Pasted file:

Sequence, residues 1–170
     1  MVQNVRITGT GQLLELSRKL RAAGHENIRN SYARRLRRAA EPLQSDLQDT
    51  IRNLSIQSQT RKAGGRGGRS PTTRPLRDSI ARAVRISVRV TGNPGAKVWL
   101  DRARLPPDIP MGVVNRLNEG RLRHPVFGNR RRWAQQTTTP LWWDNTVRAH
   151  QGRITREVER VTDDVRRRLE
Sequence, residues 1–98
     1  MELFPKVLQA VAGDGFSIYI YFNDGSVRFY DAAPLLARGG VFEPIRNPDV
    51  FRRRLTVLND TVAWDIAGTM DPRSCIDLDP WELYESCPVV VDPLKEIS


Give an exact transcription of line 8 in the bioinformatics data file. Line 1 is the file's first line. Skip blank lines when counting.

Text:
    51  FRRRLTVLND TVAWDIAGTM DPRSCIDLDP WELYESCPVV VDPLKEIS